October is Disability History Month. Colin Eldred-Cohen looks at some historical figures who may possibly have been on the autism spectrum.
By Colin Eldred-Cohen
A wise man once said, “To understand the future, we must go back in time.” Today, we’re going to embrace that saying as we look back at many historical figures who were thought to be on the autism spectrum. Admittedly, this is all speculation, since they all died before our understanding of neuroscience was advanced enough to diagnose them. However, some academic minds took a look back and deduced that quite a few icons of our past may have been on the spectrum. So without any further ado, here’s a look at six historical figures who were likely autistic.
Thomas Jefferson? – President
That’s right, our third president was thought to be on the spectrum. This may be stretching it when it comes to writers, but he wrote the Declaration of Independence, so I say it’s fair game. According to word from back in the day, he was an uncomfortable public speaker, had an inability to relate to others, and a huge sensitivity to loud noises. He also had very peculiar routines, like wearing slippers to important meetings or having a mockingbird on his shoulder a lot of the time (possibly as a method of self soothing in social situations). Unfortunately, as his childhood home burned down, we have no way of telling if he showed any of the childhood symptoms.
Hans Christian Andersen? – writer
The writer of The Ugly Duckling and The Little Mermaid was said to be very gangly in his youth and prone to strange tantrums. His diary entries also show him pining after many unobtainable men and women, which I can tell you from personal experience can happen to people on the spectrum. A closer look at his stories show a trend of outcast characters who weren’t always lucky enough to get a happy ending, which indicates perhaps some self-projection into his stories.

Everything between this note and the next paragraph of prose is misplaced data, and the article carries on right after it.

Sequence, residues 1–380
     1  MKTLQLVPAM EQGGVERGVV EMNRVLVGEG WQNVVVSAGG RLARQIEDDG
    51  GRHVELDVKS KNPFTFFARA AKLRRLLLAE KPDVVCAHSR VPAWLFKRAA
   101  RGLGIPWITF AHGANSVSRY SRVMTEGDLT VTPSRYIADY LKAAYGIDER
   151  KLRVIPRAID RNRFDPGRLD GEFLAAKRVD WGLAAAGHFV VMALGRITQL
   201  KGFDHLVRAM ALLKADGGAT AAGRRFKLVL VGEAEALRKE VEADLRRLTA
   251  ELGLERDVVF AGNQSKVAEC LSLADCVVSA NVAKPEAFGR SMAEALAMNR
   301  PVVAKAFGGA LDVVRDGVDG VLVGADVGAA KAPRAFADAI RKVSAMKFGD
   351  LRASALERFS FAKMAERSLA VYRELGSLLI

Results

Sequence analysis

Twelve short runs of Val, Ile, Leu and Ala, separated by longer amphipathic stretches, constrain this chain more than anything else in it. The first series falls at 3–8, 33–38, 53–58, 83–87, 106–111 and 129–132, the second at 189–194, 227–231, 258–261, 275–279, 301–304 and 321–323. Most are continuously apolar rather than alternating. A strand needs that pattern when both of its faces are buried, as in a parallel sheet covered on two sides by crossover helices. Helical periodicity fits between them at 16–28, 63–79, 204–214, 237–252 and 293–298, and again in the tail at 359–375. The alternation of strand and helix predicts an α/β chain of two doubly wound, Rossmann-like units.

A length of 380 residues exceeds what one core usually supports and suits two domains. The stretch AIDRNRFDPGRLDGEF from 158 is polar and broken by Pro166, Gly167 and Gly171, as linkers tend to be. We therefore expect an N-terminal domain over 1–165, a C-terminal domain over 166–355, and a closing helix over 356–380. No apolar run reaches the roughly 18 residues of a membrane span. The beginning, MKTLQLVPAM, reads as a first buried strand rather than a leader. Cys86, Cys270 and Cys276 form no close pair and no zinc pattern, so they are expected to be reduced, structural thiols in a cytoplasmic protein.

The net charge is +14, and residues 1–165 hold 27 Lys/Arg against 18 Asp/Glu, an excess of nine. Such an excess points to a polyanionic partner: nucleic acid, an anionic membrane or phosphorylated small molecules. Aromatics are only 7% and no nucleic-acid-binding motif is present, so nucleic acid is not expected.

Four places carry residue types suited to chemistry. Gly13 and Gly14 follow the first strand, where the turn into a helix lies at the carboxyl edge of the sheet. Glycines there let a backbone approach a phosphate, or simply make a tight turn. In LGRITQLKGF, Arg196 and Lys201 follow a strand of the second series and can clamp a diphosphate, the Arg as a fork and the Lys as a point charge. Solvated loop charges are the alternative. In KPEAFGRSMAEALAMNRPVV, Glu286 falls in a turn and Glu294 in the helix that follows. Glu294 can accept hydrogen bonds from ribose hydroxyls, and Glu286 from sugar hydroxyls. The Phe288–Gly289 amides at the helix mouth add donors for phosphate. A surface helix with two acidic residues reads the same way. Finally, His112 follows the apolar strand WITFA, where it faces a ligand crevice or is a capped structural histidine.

Amadeus Mozart? – music
No doubt about it, the man was a musical maestro. But Wolfgang Amadeus Mozart was also thought by scholars to be on the spectrum. Allegedly, the man had a set selection of facial expressions he cycled through, was active with a short attention span akin to ADD, and had ultrasensitive hearing that could physically make him sick when his surroundings were too loud. There was apparently one time that he got bored in a public setting, so he started meowing out loud, doing cartwheels all over the place, and vaulting and doing flips over tables. If nothing else, you now know that the world’s greatest musician was also a great acrobat. Truly, he’s a man of many talents.
Michaelangelo? – artist
We have two doctors to thank for this diagnosis, specifically Dr. Muhammad Arshad and Professor Michael Fitzgerald. They described him having very limited interests, a fiery temper, repetitive routines, and poor social and communication skills, all things associated with high-functioning autistics. All of this and more was determined through notes and accounts on paper from his friends and family, so there’s validity to the diagnosis. It’s very likely that his autism gave him the edge he needed to become one of the greatest artists the world has ever seen. Trust me, I’ve seen the Sistine Chapel in person.
Nikola Tesla? – scientist
For those who are unaware, Nikola Tesla was a brilliant scientist and a rival to Thomas Edison, who wound up stealing a lot of Tesla’s inventions and took advantage of him in other ways. He’s also what the subject of the latest car craze is named after. Records say that Tesla had an intense sensitivity to light and sound, a huge amount of phobias, tendencies to be reclusive, and an obsession with the number three (which is something I can definitely relate to). Sadly, he wasn’t recognized for his genius or struggles and died alone, penniless, and shunned by the scientific community. Now if you want a story with a happier ending…